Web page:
Work has started on the first phase of the University of Central Lancashire’s £200million campus masterplan.
The Preston-based university has a 10-year vision to transform its presence in the city, starting with the demolition of the Fylde Building.
Over the next few years we’re going to see regeneration which builds on us being a part of the city and it’s a testament to the staff and their dedication that we can have the ambition, and support of the board, to move it forward.Professor Mike Thomas
Scaffolding has been erected and the bulldozers have moved in to pull down the iconic building to make way for a new multi-million pound student support facility, forming part of a new gateway to the university.
Preston-based Bradley Demolition is carrying out the deconstruction, with the majority of the materials being recycled.
The exciting scheme will include a remodelled Adelphi roundabout with the creation of a new public square, unifying the university with the city.
The long-term vision is to spark a major focus on regeneration and business investment in the university quarter with wider benefits for Preston and beyond.
Professor Mike Thomas, UCLan’s interim vice-chancellor, said: “The links between ourselves, the city and the region are really coming together. Over the next few years we’re going to see regeneration which builds on us being a part of the city and it’s a testament to the staff and their dedication that we can have the ambition, and support of the board, to move it forward.”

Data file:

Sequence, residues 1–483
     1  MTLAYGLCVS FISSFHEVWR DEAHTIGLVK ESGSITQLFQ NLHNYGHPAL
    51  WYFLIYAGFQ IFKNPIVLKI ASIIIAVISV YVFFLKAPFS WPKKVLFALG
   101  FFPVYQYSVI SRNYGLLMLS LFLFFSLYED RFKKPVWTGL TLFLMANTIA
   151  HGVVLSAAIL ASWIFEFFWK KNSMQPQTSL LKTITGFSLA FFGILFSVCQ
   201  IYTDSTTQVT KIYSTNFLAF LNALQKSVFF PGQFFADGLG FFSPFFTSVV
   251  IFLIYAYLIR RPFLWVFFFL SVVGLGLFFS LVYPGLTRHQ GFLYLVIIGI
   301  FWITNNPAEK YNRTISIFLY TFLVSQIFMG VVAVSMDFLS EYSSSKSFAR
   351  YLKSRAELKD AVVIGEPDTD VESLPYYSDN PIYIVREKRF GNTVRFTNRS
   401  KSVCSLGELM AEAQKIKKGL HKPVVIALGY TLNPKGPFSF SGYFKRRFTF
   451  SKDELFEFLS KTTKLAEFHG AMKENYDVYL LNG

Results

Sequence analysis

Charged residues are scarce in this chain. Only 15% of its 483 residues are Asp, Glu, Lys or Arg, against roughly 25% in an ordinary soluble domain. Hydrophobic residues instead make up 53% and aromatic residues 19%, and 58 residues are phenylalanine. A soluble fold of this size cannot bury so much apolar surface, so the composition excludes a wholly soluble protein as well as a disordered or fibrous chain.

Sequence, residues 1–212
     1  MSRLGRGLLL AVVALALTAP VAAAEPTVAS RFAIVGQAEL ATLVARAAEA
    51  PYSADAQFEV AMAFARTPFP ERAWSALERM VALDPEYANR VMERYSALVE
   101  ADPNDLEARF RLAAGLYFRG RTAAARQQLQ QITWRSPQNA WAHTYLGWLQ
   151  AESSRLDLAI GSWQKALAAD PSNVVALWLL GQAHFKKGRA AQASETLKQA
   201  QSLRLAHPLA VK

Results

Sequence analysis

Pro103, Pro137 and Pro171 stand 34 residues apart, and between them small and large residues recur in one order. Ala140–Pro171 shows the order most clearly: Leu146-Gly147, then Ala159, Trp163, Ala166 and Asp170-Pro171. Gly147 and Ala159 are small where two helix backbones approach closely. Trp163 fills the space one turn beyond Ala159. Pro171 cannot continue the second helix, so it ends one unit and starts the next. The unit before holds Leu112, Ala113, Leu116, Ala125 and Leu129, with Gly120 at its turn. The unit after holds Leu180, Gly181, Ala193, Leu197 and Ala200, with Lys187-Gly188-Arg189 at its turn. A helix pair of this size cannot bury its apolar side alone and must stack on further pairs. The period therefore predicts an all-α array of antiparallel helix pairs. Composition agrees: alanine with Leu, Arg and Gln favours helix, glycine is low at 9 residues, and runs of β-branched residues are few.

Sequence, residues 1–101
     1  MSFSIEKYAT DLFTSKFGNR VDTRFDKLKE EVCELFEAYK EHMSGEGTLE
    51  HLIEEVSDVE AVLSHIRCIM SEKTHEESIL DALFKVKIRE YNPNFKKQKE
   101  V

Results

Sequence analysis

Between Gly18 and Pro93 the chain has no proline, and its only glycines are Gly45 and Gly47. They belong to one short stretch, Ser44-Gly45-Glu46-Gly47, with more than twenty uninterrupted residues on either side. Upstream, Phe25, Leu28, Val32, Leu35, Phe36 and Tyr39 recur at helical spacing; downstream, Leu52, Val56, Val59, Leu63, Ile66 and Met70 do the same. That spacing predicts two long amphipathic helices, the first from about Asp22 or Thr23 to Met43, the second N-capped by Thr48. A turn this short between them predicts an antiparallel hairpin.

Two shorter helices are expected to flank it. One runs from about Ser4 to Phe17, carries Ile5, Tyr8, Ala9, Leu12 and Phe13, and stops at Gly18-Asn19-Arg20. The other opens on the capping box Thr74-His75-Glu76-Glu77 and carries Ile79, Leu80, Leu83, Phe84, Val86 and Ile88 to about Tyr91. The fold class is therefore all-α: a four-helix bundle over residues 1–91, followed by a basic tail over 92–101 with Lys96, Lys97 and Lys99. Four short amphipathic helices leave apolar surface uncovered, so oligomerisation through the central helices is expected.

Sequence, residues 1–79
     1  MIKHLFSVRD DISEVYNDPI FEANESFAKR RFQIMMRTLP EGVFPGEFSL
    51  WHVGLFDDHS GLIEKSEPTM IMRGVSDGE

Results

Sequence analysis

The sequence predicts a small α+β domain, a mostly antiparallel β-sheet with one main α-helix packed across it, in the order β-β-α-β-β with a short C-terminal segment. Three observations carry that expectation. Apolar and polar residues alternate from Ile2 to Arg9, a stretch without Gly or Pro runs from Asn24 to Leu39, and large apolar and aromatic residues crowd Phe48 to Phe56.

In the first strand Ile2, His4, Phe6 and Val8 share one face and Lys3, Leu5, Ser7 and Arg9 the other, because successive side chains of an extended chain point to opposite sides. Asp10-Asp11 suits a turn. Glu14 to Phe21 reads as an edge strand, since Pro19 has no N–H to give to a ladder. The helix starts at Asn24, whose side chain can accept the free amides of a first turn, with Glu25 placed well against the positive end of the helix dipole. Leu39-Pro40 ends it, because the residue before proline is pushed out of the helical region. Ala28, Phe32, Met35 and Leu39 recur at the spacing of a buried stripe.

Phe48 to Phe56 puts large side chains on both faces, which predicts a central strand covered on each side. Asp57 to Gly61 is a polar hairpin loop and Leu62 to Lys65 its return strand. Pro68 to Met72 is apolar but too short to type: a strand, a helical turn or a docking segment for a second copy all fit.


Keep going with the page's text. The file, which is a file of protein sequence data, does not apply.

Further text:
Michael Ahern, UCLan’s chief operating officer added: “This is probably the biggest investment Preston has seen and will transform the city and the university campus.
“It is designed to be accessible and usable by both the University and local people, and the design has been created in consultation with community groups.”
TV journalist and UCLan board member Fiona Armstrong said: “This is the most ambitious plan the university has ever undertaken in its long history and it’s one which is very exciting.
“I grew up in this city and remember this building as the labour exchange where people queued up to collect their dole money.
“Now it’s come full circle and this symbolises academic potential and people gaining great careers from an amazing seat of learning. It’s further regeneration for the city and that is a great thing.”